web analytics

Great success with Connecticut waterbirds

Posted on Sep 2, 2014

Today I sent out the final 2014 Audubon Alliance for Coastal Waterbirds (AAfCW) weekly update email to all of our shorebird monitors and volunteers. Waterbird nesting season has come to a close and all of the juvenile and adult birds are on the way south for the year. Despite having a reduced staff the third AAfCW year may be the most successful yet in terms of breeding productivity for critical species like the federally threatened Piping Plover (Charadrius melodus), habitat monitoring, conservation efforts, volunteer engagement, outreach and education.

Piping Plover hatchling

Piping Plover hatchling on the Connecticut shore

Here is a brief rundown of some of the highlights:

  • Piping Plover breeding pairs are confirmed to have successfully fledged 88 chicks with the final total potentially well into the 90s, a sum that is only slightly under the all-time record high number for Piping Plovers successfully fledged in Connecticut
  • AAfCW engaged at least 383 citizen scientists as volunteers and shorebird monitors logging at least 2,200 hours in conservation and education activities thus far in 2014
  • Our staff and volunteers monitored or surveyed and recorded 51 species of shorebirds, terns and long-legged waders at over 183 important sites across Connecticut in 2014 including barrier beaches, offshore islands, tidal marshes, inland waterways, wet meadows, grasslands, and other critically important or endangered habitats
  • We put 187 elementary school aged children to work in crafting signage like this for various beaches in an effort to educate visitors in a creative, fun way about the imperiled birds nesting on Connecticut shores while teaching the students the basic facts about these avian friends

Least Tern sign

  • The reopening of Bridgeport, Connecticut’s Pleasure Beach to the public was a tremendous victory for beachgoers, birds and outreach efforts with successfully nesting Piping Plovers on the site, the first in several years, highlighting a positive first season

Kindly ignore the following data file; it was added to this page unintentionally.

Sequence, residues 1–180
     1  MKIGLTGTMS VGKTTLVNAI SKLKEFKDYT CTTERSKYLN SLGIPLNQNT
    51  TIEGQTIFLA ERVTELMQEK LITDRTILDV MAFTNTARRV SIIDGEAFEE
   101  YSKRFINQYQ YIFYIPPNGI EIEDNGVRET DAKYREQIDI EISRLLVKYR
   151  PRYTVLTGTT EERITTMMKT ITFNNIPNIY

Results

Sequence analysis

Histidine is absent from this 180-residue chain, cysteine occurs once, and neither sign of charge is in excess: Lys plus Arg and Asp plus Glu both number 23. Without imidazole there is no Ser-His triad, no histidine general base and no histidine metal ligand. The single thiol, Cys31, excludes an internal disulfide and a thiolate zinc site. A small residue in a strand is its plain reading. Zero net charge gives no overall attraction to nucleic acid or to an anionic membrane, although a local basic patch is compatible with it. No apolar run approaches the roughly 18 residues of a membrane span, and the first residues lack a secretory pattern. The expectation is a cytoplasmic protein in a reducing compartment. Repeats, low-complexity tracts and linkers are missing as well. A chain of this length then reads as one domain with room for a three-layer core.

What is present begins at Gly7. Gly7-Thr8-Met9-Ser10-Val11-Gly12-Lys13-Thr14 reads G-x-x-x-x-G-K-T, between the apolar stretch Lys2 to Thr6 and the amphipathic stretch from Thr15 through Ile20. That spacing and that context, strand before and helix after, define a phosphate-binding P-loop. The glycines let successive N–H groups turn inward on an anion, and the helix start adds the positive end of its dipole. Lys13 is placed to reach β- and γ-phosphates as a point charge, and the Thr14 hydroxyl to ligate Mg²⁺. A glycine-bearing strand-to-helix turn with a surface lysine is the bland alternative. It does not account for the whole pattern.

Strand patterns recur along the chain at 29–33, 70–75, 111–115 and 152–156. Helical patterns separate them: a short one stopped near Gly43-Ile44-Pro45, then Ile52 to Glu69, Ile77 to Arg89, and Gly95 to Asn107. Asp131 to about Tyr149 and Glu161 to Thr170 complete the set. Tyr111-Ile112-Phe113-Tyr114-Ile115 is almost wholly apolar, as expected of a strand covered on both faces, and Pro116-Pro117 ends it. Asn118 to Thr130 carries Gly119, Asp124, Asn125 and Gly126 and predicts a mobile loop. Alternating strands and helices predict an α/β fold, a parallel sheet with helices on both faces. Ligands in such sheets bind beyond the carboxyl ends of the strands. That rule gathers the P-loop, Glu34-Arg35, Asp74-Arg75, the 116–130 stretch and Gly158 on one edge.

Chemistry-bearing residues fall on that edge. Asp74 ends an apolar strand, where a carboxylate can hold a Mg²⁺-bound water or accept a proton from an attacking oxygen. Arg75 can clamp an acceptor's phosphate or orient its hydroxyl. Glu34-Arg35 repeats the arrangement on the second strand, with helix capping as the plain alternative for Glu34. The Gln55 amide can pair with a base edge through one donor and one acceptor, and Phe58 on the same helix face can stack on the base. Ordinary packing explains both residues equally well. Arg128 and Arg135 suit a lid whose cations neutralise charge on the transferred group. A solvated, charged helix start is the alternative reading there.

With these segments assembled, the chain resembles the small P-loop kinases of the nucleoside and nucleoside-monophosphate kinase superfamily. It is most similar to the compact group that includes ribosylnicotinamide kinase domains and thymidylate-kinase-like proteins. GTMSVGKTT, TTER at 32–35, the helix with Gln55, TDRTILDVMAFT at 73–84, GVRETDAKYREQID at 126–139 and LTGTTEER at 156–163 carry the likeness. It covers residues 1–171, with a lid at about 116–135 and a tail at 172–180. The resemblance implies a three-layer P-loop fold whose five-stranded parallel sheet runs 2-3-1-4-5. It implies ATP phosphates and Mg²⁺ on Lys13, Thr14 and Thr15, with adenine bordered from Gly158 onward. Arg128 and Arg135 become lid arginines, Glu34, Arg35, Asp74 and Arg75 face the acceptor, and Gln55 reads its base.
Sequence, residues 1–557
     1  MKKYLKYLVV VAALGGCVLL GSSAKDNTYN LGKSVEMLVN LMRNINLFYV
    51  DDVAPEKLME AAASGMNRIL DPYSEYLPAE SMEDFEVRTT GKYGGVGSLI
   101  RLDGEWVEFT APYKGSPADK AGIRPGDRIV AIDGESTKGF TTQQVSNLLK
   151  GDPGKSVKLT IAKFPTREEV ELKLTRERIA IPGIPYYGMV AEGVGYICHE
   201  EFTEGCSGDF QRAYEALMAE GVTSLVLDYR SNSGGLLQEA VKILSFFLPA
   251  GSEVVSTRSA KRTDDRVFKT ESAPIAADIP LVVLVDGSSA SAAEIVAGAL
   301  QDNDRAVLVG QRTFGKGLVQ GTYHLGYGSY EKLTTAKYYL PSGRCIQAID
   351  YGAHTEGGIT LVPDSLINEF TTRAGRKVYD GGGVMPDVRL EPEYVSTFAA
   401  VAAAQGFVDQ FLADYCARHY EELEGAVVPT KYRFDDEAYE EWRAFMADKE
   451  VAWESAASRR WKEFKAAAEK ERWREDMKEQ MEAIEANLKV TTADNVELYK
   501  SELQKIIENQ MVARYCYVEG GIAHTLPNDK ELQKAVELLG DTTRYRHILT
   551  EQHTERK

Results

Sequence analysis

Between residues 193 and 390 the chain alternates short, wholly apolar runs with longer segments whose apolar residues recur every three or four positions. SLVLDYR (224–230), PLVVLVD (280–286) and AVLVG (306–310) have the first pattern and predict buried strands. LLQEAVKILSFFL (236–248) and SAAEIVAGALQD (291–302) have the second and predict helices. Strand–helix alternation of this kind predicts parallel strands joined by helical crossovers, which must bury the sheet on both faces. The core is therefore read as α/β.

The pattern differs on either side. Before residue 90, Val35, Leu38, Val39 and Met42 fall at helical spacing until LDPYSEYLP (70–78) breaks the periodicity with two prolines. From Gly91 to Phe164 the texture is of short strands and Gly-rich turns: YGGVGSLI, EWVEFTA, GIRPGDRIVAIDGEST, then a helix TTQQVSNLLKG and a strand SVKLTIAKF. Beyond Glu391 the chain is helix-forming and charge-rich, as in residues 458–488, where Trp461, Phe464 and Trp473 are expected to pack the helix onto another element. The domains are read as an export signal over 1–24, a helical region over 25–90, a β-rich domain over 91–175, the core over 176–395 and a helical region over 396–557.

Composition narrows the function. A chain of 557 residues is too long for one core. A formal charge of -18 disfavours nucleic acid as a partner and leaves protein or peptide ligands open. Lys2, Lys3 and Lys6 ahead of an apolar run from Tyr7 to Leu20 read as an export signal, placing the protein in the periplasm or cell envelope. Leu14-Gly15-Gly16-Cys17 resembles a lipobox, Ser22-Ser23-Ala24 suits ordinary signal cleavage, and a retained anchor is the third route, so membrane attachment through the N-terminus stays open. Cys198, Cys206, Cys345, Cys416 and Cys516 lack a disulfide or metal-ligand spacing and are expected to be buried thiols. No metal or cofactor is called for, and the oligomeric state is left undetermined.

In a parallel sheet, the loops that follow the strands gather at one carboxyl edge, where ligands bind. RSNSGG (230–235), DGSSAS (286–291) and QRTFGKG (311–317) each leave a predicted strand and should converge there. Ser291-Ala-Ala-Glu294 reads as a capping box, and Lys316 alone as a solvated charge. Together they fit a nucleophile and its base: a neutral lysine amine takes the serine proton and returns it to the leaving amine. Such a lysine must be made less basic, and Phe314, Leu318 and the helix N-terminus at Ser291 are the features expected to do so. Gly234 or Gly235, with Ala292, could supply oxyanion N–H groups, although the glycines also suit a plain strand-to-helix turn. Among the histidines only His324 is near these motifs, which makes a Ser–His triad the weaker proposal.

• AAfCW reached well over 10,000 beachgoers, naturalists, residents and others through several novel outreach programs, place-based education, nature activities in the classroom and social media networks
  • We recruited and trained 35 volunteers that staffed tables at three Important Bird Areas and critical waterbird nesting beaches every other weekend this summer, asking beachgoers to take the “Be a Good Egg” Pledge – pledging to stay clear of fenced off nesting bird areas, giving space to migratory shorebirds at staging zones, keeping any dogs on leash or off the beach and to share the beach with our birds – and collecting over 300
  • Over 20 volunteers participated in the Manomet Center for Conservation Sciences’ International Shorebird Surveys in the spring and will continue through the fall across coastal and inland Connecticut
  • In partnership with the City of Bridgeport and the Student Conservation Association, AAfCW provided training, mentoring and employment to 13 Bridgeport high school students known as the “WildLife Guards” who spent part of the spring and summer monitoring Piping Plover and Least Terns at Pleasure Beach and encouraging a “share the shore” stewardship philosophy among beachgoers

And it goes on and on! We are all very proud of the joint efforts between the U.S. Fish & Wildlife Service, Connecticut Department of Energy and Environmental Protection, Audubon Connecticut and RTPI. We will be continuing our year-round work while corresponding with our partners to calculate the final data for the season which will be released later this fall.

Scott Kruitbosch
Conservation & Outreach Coordinator